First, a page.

Earlier this month, the Telecom Regulatory Authority of India (Trai) put out a paper with recommendations on 'Issues relating to media ownership'.
The paper talks about private treaties, paid news, privacy, corporate and political ownership, among other hurdles to having a plural and independent news media.
Trai Chairman Rahul Khullar talks to Vanita Kohli-Khandekar about these issues.
Why leave the internet out? Globally, regulators have been moving away from tightly defined cross-media restrictions because of online.
The net DSL penetration is 18-20 million homes, and this has been there for five years. Of the 600,000 km (under the National Fibre Optics Network), just 250 km have been laid. So, we are way behind on the implementation of national broadband.
Then, there is wireless. The penetration of smartphones and devices is being set at about 200 million. This is, however, 12-14 per cent (of mobiles). That is another 100 million-odd subscribers. Of these, a very small percentage is on 3G. Given the 2G speeds, how many will read news on their mobile phones? Therefore, for now, only TV and print have been considered.
Isn't it a given in the coming years?
On this technological revolution, we are 7-10 years behind the US. So, the threat to newspapers doesn't exist now. This is why newspapers and telecom firms are sitting easy. If they were under threat, they would be screaming.
Telecom companies know the reason they will not lose voice revenue is because broadband isn't fully available in India yet. So, where is the choice for consumers? For a year, telcos have been carping about OTT (over-the-top services). Their reach is vastly exaggerated - they consume just two-three per cent of data. If there was no WhatsApp, who would consume their (telcos') data?
It is not a question of 'should you or should you not regulate'. Everyone, except perhaps the Marans (who own Sun TV, Sumangali Cable, Sun Direct DTH, Tamil newspaper Dinakaran and other publications), Subhash Chandra (whose Essel Group owns Zee, Dish TV, Siticable and DNA) and the Jains (who own The Times of India, Radio Mirchi and Times Now, among other brands) agrees on the need to regulate. Within that, we have to look at vertical versus horizontal regulation.
If plurality has to be maintained, there has to be some measure of domination (the Trai paper recommends using the Herfindahl Hirschman Index to calculate media concentration. The recommended threshold is 1,000 HHI, or about 32 per cent market share). To do that, we have not suggested using a rule of thumb, but a principle.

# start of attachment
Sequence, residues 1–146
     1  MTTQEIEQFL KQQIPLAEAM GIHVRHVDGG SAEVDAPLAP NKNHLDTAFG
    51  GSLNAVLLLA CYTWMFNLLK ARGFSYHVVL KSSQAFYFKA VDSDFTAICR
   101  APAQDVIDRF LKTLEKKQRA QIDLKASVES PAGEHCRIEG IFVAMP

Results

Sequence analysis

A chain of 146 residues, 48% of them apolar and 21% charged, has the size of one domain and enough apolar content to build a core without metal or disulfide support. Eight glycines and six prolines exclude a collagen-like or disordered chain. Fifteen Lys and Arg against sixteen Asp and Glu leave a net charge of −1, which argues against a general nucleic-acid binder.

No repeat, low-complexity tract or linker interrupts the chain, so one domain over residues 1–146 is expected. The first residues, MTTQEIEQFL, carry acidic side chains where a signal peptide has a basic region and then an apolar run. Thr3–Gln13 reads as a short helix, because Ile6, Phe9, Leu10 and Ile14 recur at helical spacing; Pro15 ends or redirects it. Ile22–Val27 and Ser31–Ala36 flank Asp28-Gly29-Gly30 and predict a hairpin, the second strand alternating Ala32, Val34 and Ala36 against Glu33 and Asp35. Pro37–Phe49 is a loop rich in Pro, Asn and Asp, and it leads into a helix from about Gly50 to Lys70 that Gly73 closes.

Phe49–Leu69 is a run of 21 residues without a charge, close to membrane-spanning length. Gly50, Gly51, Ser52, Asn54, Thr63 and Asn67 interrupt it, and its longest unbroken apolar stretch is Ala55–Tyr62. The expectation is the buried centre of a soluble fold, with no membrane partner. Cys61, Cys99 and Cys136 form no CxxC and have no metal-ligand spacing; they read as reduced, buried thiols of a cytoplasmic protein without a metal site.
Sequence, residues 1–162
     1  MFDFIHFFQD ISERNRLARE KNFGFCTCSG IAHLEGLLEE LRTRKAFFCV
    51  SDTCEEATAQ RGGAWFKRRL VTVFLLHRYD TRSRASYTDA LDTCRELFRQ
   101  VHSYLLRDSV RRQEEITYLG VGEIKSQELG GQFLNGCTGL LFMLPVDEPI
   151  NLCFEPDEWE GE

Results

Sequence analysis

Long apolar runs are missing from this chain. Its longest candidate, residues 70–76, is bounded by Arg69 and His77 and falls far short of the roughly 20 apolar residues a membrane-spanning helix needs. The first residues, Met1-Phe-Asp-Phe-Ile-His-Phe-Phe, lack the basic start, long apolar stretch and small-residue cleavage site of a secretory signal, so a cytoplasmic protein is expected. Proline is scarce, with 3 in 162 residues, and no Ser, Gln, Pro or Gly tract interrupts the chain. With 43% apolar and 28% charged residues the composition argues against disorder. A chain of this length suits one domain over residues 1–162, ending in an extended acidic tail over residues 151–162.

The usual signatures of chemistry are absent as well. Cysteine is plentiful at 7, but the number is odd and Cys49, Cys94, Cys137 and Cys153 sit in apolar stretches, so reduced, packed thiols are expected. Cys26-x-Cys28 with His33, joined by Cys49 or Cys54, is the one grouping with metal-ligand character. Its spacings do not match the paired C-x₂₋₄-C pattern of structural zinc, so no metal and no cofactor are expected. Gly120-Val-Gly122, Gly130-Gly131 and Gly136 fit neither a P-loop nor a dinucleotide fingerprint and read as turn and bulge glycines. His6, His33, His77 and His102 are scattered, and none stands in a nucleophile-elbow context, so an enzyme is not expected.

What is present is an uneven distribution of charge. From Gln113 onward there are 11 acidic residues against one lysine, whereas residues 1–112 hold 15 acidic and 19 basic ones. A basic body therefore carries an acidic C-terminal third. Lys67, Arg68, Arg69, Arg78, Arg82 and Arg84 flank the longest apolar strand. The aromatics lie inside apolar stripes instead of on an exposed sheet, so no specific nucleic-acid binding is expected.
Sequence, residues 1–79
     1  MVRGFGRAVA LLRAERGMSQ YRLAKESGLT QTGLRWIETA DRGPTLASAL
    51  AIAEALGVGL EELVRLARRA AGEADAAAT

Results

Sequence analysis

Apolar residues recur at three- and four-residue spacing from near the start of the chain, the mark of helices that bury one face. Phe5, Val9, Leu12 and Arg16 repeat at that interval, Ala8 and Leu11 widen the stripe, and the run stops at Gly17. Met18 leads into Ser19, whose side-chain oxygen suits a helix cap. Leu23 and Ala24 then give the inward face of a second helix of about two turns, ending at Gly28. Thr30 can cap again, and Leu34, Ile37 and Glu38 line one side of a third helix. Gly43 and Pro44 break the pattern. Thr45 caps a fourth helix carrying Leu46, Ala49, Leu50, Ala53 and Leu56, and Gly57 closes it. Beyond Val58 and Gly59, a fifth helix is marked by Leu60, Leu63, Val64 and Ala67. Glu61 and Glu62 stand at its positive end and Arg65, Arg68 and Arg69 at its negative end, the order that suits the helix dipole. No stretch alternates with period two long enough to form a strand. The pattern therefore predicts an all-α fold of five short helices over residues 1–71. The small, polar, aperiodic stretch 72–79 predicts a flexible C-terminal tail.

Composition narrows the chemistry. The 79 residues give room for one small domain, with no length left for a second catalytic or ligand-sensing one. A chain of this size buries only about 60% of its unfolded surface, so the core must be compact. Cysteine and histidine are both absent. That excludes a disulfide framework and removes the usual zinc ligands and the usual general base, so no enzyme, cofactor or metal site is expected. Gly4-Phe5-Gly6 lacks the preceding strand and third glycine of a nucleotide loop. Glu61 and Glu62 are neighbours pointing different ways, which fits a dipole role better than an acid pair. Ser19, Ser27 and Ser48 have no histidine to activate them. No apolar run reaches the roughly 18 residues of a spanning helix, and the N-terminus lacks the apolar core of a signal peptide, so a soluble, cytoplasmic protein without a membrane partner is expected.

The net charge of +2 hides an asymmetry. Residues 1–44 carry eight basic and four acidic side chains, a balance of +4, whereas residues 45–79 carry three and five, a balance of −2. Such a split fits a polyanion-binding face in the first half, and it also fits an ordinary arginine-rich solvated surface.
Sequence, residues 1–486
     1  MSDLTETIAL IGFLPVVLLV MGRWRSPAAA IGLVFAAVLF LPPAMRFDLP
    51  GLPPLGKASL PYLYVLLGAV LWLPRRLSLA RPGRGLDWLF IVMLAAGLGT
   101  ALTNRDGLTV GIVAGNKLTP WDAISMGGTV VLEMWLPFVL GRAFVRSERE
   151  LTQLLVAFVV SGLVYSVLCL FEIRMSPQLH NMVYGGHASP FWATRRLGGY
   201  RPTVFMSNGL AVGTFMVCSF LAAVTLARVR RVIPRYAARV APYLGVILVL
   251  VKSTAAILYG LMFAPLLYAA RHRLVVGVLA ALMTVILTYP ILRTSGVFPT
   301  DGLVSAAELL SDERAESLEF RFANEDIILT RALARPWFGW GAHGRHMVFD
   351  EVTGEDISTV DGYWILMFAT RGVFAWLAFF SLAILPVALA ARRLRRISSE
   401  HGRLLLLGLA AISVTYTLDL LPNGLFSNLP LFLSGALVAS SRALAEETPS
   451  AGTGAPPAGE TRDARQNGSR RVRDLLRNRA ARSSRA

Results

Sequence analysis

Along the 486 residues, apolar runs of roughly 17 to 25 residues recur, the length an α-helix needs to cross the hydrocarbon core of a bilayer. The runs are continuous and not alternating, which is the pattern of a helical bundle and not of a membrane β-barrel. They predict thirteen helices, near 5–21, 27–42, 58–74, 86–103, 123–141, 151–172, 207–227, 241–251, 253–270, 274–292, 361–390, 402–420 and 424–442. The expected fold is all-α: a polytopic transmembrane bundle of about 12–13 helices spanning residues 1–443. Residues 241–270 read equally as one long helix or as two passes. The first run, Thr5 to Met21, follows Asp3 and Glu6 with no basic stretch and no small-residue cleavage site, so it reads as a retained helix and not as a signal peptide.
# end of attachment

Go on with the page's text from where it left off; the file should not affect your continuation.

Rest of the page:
If you own newspapers or TV in any market that is not concentrated it is fine. But if any of those markets is concentrated, then you can not have a share of more than 32 per cent in it and if both are concentrated then you can have a share of 32 per cent in only one. So if you only own TV in Andhra Pradesh, it doesn't affect you.
Now, for vertical integration: if The Times of India gets into newsprint production, it is not a problem. But in TV if a firm gets into DTH, MSO and cable, you could corner relevant markets. A lot of television chief executives tell me distribution is very capital-intensive and, without vertical integration, ensuring those investments pay is difficult. We think if horizontal competition exists, integrating vertically is not a problem.
So, if a broadcasting firm has more than 20 per cent in a DTH firm, it qualifies as vertical integration. The rules that apply to these firms will then be different; these will be subject to closer scrutiny. Also, they cannot invest in more than a part of the value chain so a broadcast firm cannot invest in both cable and DTH.
The recommendations discuss plurality without considering the economic realities of the news business.
The marketplace for news is different, but can you treat news commercially? In the name of pursuing commerce, some abhorrent practices have come into play (private treaties; paid news). What we have done is put the facts down.
This is not only the view of a regulator, but of the vast majority of people in media' the president; the vice-president; and a standing committee.
Normally, such a report would have raised a big 'hoo-ha' about freedom of the media. But that right comes with the right of the viewers and readers to unbiased and truthful information.